For users interested in water cooling, it is worth noting that EKWB has a CPU plus power delivery water block available for the Z170X-UD5 TH using G1/4 fittings at €118. For some of the markets that GIGABYTE aims for, having tie-ins with extra hardware manufacturers can be a good thing, especially for users wanting to expand designs beyond a simple cooler and memory.

There are a few oddities, such as HDMI 2.0 on a GPU focused motherboard, having three SATAe ports but no SATAe drives in the market, and having the M.2 slot muxed with the final PCIe slot rather than having them separate as is possible with the Z170 chipset. The first two of those most users will ignore anyway, but there is certainly an element of design here that warrants the price point. The GIGABYTE Z170X-UD5 TH is a good motherboard by most metrics. I have since handed it off to Ganesh to update one of his NAS/Thunderbolt testing systems, as it was one I had that would fit the bill.  The board is one of the most appealing to those wanting to invest in Thunderbolt 3, as and when devices enter the market - especially if it is still only $6 more than the non-TH version, and that will most likely be the biggest draw.

Gaming Performance
Comments Locked


View All Comments

  • GoMoeJoe - Friday, February 19, 2016 - link

    Any Z170 based mobo *that still uses a shared M.2 is unacceptable.
    Especially the way these clowns did it on this product ...
  • nehway0912 - Saturday, February 20, 2016 - link

    There is a fw update for alpine ridge today. Can you retest the usb 3.1 performance with the lastest fw?
  • jabber - Saturday, February 20, 2016 - link

    Wake me up when I can buy a TB3 card for £10 and a TB3 caddy for around the same. No rush.
  • garfieldalvin - Monday, February 22, 2016 - link

    Any test perform on the TB3 port for read write data rate, displayport daisy chain with multi monitors?
  • Zak - Friday, February 26, 2016 - link

    Thunderbolt will never take off among consumers and enthusiasts due to cost and poor implementation in peripherals that make their price less attractive than USB. I have a TB2 dock and TB2 drive enclosure. USB3 in the dock maxes out at 350MB/s. SSDs mounted in the enclosure max out at 390/360MB/s R/W. All docks and all enclosures have this speed cutoff. And they're very expensive for what you get.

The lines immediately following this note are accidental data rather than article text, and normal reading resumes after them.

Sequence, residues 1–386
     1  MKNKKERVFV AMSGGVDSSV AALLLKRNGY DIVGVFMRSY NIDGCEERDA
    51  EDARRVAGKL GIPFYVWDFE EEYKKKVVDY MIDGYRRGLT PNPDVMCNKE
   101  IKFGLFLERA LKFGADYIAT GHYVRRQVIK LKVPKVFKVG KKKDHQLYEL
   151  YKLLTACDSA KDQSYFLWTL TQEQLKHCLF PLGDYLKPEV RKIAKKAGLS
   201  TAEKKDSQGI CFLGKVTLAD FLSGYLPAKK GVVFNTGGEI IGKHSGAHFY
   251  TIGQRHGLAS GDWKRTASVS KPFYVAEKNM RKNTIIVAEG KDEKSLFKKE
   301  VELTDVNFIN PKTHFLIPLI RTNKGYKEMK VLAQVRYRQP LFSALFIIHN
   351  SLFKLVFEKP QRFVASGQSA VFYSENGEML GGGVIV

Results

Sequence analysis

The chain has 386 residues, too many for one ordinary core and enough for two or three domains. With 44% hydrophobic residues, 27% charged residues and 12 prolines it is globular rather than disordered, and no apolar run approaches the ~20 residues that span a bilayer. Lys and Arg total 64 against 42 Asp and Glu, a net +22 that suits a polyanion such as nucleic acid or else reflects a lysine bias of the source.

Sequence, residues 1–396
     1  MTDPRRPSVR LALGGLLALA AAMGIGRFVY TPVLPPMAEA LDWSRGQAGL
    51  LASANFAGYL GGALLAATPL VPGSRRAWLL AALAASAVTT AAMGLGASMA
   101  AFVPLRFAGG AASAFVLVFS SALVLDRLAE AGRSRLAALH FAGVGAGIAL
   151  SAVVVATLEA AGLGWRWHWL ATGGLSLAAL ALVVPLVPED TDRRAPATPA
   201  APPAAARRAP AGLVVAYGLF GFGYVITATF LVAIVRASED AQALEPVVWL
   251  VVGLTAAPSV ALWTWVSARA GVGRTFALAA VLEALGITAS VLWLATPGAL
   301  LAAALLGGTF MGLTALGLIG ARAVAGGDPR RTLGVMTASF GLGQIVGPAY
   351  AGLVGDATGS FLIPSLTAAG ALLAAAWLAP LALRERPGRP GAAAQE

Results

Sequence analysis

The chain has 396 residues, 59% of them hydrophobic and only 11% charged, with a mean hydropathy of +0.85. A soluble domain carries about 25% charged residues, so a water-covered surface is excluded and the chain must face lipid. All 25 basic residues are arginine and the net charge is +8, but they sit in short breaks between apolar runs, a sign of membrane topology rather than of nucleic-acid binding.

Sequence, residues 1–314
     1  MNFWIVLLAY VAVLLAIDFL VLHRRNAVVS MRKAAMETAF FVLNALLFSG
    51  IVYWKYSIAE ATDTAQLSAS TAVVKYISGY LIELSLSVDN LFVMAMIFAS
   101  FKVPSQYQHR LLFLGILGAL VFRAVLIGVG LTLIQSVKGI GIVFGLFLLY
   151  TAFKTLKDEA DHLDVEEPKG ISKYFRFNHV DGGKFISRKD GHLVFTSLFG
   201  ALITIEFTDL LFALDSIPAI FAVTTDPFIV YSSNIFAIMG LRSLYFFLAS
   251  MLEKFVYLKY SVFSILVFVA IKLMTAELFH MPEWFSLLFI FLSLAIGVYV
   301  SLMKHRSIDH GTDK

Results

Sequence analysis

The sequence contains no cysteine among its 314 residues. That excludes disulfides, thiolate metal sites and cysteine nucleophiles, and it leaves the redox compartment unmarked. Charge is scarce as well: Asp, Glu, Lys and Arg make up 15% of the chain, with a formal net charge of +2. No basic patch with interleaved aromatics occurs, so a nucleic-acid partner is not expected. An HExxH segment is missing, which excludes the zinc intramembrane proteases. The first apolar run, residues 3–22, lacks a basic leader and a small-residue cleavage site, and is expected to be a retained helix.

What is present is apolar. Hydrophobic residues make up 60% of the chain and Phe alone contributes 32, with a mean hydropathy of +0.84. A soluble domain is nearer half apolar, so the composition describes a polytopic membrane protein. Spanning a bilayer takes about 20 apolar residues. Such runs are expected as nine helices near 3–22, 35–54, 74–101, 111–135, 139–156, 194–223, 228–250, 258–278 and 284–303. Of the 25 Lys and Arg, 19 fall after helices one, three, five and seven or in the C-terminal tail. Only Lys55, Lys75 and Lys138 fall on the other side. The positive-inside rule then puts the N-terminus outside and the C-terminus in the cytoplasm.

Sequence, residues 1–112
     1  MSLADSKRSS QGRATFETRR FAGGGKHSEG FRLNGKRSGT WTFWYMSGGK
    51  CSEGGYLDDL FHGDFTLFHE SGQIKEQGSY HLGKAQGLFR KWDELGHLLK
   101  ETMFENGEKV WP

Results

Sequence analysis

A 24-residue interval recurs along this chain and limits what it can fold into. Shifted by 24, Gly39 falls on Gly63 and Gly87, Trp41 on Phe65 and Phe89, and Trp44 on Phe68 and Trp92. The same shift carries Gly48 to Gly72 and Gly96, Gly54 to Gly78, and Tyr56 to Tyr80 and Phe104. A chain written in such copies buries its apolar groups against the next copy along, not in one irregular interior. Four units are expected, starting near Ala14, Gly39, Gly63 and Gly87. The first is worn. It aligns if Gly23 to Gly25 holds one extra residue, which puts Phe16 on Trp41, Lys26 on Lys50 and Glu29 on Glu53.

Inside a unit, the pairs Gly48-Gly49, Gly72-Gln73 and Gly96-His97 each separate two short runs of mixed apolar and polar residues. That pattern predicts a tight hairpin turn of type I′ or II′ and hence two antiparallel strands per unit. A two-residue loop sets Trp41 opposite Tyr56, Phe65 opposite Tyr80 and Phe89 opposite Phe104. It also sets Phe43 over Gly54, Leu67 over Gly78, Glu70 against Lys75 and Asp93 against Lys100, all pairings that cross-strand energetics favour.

• olePigeon - Tuesday, April 12, 2016 - link

    I don't think you quite understand what Thunderbolt is. Thunderbolt is essentially an external connector to your PCIe BUS. You don't compare it to USB. Sometimes it is USB because that's what you run on it. The advantage to Thunderbolt is that it is whatever you want it to be, including USB.

    Thunderbolt 3 currently combines either the USB 3 type C connector or DisplayPort 1.2 with PCIe in a single serial signal. This allows you to connect anything you would normally put into your PCIe slot. Many items can be found in the form of an adapter, such as ethernet, USB, SATA, etc.; others can be connected via an external PCIe slot such as video cards, audio cards, and more.

    Thunderbolt doesn't compare to USB, it coexists.
  • WarlordBB - Monday, March 21, 2016 - link

    With TB3 coming to several of Gigabytes Gaming boards, is this board worth it when the G1 is about the same price? Granted you get 2 TB3 instead of 1, but still:
  • WarlordBB - Monday, March 21, 2016 - link

    I meant the G7
  • coldlogic - Tuesday, May 3, 2016 - link

    Can anyone point me in the right direction to understand how TB3 passes video through from the GPU?

Log in

Don't have an account? Sign up now